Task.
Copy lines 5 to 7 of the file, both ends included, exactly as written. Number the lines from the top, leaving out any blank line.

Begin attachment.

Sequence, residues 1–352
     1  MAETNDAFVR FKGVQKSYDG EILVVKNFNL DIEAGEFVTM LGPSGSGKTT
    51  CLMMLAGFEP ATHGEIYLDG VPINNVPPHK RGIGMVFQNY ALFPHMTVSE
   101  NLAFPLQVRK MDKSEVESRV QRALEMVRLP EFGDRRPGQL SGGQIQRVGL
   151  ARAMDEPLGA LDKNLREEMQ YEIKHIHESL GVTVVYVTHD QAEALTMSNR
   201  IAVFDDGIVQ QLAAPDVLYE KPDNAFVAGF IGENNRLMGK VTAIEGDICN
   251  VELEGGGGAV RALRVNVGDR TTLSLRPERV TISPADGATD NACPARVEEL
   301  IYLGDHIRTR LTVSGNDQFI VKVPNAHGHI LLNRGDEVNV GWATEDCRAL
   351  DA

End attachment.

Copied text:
   151  ARAMDEPLGA LDKNLREEMQ YEIKHIHESL GVTVVYVTHD QAEALTMSNR
   201  IAVFDDGIVQ QLAAPDVLYE KPDNAFVAGF IGENNRLMGK VTAIEGDICN
   251  VELEGGGGAV RALRVNVGDR TTLSLRPERV TISPADGATD NACPARVEEL